On probability distributions and uncertainty18 July, 2016 at 17:31 | Posted in Economics | Leave a comment
Almost a hundred years after John Maynard Keynes wrote his seminal A Treatise on Probability (1921), it is still very difficult to find economics textbooks that seriously try to incorporate his far-reaching and incisive analysis of induction and evidential weight.
The standard view in mainstream economics – and the axiomatic probability theory underlying it – is to a large extent based on the rather simplistic idea that ‘more is better.’ But as Keynes argues – ‘more of the same’ is not what is important when making inductive inferences. It’s rather a question of ‘more but different.’
Variation, not replication, is at the core of induction. Finding that p(x|y) = p(x|y & w) doesn’t make w ‘irrelevant.’ Knowing that the probability is unchanged when w is present gives p(x|y & w) another evidential weight (‘weight of argument’). Running 10 replicative experiments do not make you as ‘sure’ of your inductions as when running 10 000 varied experiments – even if the probability values happen to be the same.
According to Keynes we live in a world permeated by unmeasurable uncertainty – not quantifiable stochastic risk – which often forces us to make decisions based on anything but ‘rational expectations.’ Keynes rather thinks that we base our expectations on the confidence or ‘weight’ we put on different events and alternatives. To Keynes expectations are a question of weighing probabilities by ‘degrees of belief,’ beliefs that often have preciously little to do with the kind of stochastic probabilistic calculations made by the rational agents as modeled by mainstream social economics.
How strange that writers of economics textbooks as a rule do not even touch upon these aspects of scientific methodology that seems to be so fundamental and important for anyone trying to understand how we learn and orient ourselves in an uncertain world. An educated guess on why this is a fact would be that Keynes concepts are not possible to squeeze into a single calculable numerical ‘probability.’ In the quest for quantities one puts a blind eye to qualities and looks the other way – but Keynes ideas keep creeping out from under the mainstream economics carpet.
It’s high time that economics textbooks give Keynes his due.
There are at least two ways to formally distinguish Keynes’s idea that the future is unknowable in principle from the neoclassical idea that the future is stochastic-stable and that agents know, or act as if they know, this distribution with absolute certainty. First, as Keynes, Shackle, Vickers, and others have stressed, it is logically impossible for agents to assign numerical probabilities to the potentially infinite number of imaginable future states. Even Savage acknowledged that, taken literally, the assumption that agents are able to consider all possible future economic states “is utterly ridiculous” (1954, p. 16). Worse yet, many possible future events are not even imaginable in the present moment: such events obviously cannot be assigned a probability …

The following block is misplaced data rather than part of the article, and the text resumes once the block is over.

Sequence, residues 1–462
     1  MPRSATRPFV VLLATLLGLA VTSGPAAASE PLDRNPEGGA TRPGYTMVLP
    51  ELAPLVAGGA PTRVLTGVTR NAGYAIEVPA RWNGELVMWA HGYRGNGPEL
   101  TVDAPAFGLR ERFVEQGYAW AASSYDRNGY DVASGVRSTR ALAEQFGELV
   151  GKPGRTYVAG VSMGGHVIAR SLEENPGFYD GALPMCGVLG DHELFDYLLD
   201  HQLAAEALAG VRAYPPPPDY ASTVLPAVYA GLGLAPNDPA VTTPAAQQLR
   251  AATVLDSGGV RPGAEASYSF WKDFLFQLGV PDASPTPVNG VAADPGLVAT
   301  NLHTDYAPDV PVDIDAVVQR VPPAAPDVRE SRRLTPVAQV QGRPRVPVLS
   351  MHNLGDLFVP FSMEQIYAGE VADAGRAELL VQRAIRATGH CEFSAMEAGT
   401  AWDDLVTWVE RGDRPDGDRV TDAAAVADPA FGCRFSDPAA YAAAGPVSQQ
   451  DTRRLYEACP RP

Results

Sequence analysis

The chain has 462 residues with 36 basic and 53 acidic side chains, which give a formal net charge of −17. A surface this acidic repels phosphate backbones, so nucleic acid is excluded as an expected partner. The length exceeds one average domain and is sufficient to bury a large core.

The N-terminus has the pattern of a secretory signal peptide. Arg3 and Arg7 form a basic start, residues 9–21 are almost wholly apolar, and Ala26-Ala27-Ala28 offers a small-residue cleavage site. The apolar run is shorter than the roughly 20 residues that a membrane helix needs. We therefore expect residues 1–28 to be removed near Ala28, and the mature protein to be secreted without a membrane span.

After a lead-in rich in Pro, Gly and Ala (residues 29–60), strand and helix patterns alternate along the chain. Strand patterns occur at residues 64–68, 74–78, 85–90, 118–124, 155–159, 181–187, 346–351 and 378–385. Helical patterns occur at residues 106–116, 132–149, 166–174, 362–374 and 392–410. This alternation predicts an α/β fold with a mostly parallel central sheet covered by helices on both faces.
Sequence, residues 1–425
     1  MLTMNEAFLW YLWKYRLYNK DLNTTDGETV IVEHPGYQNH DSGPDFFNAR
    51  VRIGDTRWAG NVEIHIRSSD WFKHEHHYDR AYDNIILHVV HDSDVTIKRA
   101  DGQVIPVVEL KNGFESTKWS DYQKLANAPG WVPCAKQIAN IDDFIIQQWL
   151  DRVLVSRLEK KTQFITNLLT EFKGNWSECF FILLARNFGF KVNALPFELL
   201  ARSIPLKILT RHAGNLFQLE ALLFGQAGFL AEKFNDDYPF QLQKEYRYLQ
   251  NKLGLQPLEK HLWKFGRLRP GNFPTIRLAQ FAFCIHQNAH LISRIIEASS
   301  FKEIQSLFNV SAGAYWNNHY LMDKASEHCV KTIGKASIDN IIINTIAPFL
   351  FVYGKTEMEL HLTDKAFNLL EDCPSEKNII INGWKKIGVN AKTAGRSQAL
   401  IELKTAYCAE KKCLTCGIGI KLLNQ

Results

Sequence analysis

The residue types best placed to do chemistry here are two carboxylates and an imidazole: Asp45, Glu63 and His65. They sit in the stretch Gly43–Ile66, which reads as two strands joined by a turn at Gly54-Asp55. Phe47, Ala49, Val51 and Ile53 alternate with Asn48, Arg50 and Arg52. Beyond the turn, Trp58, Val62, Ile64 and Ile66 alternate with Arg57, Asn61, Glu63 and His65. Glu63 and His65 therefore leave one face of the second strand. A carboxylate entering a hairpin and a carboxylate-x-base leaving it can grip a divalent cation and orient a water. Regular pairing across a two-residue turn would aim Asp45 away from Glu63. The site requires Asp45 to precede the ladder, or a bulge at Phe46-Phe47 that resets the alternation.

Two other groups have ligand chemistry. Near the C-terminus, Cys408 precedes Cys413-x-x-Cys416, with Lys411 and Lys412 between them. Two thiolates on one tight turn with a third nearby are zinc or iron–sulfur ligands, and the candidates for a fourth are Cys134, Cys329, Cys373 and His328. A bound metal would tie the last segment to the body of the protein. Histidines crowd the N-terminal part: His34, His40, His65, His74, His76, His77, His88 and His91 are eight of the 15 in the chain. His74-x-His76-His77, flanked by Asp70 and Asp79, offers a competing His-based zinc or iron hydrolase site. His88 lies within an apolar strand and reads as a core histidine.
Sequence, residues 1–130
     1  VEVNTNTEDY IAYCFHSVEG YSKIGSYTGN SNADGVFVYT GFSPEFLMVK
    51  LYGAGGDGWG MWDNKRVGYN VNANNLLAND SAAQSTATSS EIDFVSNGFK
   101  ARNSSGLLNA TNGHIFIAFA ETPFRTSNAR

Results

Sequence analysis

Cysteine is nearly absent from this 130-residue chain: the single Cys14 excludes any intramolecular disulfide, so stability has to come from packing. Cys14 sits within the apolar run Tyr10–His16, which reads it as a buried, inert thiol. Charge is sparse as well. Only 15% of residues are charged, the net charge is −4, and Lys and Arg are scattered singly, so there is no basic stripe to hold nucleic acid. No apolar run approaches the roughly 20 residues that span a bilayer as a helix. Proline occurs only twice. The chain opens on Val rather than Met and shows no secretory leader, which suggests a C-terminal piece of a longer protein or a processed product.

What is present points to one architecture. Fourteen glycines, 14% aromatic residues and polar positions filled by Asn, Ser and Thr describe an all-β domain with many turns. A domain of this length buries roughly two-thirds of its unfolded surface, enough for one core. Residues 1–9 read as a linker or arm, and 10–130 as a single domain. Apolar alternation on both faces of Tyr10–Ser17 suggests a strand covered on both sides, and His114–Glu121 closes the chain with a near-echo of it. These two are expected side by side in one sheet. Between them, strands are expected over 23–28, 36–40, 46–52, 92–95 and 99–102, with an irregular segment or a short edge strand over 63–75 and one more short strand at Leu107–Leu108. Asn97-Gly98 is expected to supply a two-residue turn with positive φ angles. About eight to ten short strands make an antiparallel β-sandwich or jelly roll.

Alternatively, we could — for the sake of argument — think of firms and portfolio selectors as somehow forcing themselves to assign expected future returns to all the assets under evaluation even though they are conscious of the fact that their knowledge of the future is inherently incomplete and unreliable. The key point is that such subjective probability distributions would not be knowledge, and –most important — any rational agent would know they were not knowledge … Hicks insisted that in the nonergodic real world, people “do not know what is going to happen and know that they do not know what is going to happen. As in history!” …
Therefore, even given the unrealistic assumption of the existence of these distributions, there is a crucial piece of information about agent decision making that would be missing from any subjectivist theory — the extent to which the agents believe in the meaningfulness of their forecasts or, in Keynes’s words, the “weight of belief” or “the degree of rational belief” the agents assign to these probabilities. When knowledge of the future is subjective and imperfect, as it always is, the expectations of rational agents can never be fully and adequately represented solely by probability distributions because such distributions fail to incorporate the agents’ own understanding of the degree of incompleteness of their knowledge. These functions neglect the agents’ “confidence” in the meaningfulness of the forecasts — “how highly we rate the likelihood of our best forecast turning out to be quite wrong” (Keynes 1936, p. 148).
Keynes stressed the centrality of agents’ consciousness of their ignorance: the state of confidence plays a crucial role in his theory of the investment decision. “The state of confidence [in the ability to make meaningful forecasts] is relevant because it is one of the major factors determining [investment]” (1936, p. 149). The central role of confidence in the investment decision-making process has disappeared from mainstream Keynesian models and cannot exist by assumption in New Classical and neoclassical models.